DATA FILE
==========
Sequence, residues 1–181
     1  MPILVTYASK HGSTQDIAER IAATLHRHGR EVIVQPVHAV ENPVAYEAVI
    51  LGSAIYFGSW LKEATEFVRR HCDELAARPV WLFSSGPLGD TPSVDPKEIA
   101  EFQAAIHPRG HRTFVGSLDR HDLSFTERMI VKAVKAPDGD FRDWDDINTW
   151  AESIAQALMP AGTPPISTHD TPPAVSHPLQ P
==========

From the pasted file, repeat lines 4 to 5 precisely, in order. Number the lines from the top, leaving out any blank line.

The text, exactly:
   101  EFQAAIHPRG HRTFVGSLDR HDLSFTERMI VKAVKAPDGD FRDWDDINTW
   151  AESIAQALMP AGTPPISTHD TPPAVSHPLQ P